Employment Rights Compliance Bill does not go far enough to protect workers – Morgan
Sinn Féin Workers' Rights Spokesperson Arthur Morgan TD has welcomed the long overdue delivery of the Employment Rights Compliance Bill. However Deputy Morgan said he believes that the Bill does not go far enough to root out the problem of exploitation of workers.
Speaking in the Dáil this evening Deputy Morgan said, "At a time when unemployment is rising, small and medium sized firms are being refused credit by the banks and our manufacturing industry is falling off the cliff due to the inaction and irresponsible decisions of this Government, the issue of workers' rights has never been more crucial.
"We have been waiting for this Bill to come before the Oireachtas for the past two and a half years. The Bill was promised under the 'Towards 2016' partnership agreement but the Government has dragged its heels ever since. While the Government has deliberately delayed bringing the Bill forward there have been serious abuses of workers, particularly migrant workers.
"We were all horrified by the Prime Time programme last December which revealed shocking stories of exploitation of migrant workers in the road transport sector and the restaurant sector. We have seen the numerous reports from the Migrant Rights Centre of workers being made to work 72 hours in restaurants without a break or farm workers being given only €5 an hour while working seven days a week. Slavery was supposed to have been abolished hundreds of years ago but this form of wage slavery is still very much alive.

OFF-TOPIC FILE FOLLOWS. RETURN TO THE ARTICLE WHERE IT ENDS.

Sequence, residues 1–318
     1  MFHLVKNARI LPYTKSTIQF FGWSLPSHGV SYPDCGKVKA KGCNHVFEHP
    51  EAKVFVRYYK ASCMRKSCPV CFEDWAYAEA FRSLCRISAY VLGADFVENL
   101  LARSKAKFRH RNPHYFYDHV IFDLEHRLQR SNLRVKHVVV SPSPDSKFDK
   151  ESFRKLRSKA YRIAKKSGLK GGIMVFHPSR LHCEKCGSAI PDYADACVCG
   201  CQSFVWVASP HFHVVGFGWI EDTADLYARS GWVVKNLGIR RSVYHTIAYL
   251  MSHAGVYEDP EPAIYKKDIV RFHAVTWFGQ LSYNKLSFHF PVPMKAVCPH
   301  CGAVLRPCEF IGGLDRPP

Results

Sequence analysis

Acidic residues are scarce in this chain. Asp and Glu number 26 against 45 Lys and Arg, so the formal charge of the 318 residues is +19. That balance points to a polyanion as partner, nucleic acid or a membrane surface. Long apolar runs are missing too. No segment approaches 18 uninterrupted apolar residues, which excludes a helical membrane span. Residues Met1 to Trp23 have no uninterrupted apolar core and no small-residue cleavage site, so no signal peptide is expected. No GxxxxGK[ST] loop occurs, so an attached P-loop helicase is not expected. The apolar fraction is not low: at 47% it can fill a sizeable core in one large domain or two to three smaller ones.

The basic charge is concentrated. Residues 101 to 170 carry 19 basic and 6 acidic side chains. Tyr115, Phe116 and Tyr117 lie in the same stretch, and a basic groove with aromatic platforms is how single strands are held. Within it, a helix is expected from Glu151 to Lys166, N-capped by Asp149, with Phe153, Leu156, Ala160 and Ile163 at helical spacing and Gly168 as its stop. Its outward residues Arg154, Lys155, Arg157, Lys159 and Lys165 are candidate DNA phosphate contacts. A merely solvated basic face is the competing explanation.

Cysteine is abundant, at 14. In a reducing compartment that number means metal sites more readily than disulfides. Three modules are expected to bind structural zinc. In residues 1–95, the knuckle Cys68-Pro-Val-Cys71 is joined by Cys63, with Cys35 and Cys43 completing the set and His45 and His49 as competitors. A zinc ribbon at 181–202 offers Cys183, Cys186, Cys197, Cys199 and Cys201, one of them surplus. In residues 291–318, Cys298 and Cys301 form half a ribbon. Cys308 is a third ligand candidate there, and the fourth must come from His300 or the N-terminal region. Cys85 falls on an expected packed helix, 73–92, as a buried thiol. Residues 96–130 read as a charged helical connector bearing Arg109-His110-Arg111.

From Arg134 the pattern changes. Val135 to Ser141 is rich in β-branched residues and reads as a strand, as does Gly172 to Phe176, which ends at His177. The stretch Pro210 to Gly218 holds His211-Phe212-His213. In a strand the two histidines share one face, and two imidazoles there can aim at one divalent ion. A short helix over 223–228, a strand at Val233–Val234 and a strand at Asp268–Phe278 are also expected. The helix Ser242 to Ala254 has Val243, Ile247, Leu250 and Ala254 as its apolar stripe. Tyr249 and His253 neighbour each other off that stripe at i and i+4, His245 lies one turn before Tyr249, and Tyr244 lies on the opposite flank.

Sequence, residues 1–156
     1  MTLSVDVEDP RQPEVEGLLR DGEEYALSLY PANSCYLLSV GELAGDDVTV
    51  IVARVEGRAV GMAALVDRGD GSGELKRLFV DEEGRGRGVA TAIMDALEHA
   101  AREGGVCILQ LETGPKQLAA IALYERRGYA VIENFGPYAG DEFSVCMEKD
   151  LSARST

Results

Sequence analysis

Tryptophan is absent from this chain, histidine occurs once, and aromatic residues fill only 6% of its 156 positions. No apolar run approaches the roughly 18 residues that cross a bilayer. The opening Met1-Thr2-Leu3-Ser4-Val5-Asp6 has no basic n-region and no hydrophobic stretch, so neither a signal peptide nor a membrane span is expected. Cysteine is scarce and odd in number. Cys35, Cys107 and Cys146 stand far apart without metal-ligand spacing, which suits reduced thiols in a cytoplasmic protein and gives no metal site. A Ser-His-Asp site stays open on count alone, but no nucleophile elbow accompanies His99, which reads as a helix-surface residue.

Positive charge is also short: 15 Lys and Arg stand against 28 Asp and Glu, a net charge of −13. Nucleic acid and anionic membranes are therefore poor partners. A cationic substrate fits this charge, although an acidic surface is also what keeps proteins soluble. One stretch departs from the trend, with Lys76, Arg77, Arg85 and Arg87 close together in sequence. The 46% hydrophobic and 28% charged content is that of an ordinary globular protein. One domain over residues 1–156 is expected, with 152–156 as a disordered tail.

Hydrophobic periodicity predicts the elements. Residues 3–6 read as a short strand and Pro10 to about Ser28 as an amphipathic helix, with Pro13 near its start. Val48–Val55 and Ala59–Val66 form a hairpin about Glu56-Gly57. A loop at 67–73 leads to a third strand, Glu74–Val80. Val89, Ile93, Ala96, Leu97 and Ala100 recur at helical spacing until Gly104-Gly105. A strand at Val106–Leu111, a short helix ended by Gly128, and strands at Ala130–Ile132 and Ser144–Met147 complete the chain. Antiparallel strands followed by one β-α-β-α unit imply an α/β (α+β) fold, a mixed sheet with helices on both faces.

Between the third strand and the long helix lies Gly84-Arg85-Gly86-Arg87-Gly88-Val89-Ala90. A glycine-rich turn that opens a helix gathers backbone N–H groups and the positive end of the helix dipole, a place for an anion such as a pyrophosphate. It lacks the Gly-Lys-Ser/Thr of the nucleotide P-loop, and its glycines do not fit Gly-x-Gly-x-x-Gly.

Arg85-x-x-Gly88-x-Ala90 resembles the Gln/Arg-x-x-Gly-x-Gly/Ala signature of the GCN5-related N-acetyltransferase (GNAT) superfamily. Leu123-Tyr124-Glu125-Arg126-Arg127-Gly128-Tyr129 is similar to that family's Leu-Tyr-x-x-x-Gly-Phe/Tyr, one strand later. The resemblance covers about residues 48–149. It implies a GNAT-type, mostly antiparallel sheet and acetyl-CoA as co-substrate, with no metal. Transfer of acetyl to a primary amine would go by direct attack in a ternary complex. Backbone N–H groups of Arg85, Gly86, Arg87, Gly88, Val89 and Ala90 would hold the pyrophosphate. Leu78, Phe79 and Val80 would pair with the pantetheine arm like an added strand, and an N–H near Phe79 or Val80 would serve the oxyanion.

"In a modern country it is unacceptable for workers to be exploited in the way that they are and if this continues it will only result in a race to the bottom which will undermine any progress which had been made over the last two decades.
"While I welcome the long overdue delivery of this Bill, which had positive features such as the increase in fines for breaches of employment legislation, the protection provided for whistleblowers and the placing of the National Employment Rights Agency on a statutory footing, I believe that the Bill has not gone far enough to root out the problem of exploitation which damages and can destroy the lives of workers.
"The Bill fails to provide labour inspectors with powers to issue on the spot fines, there is no provision for the naming and shaming of rogue employers in breach of workers rights, there is still no proper protection of undocumented workers and there is no place for NGOs to assist workers in the enforcement of labour court decisions." ENDS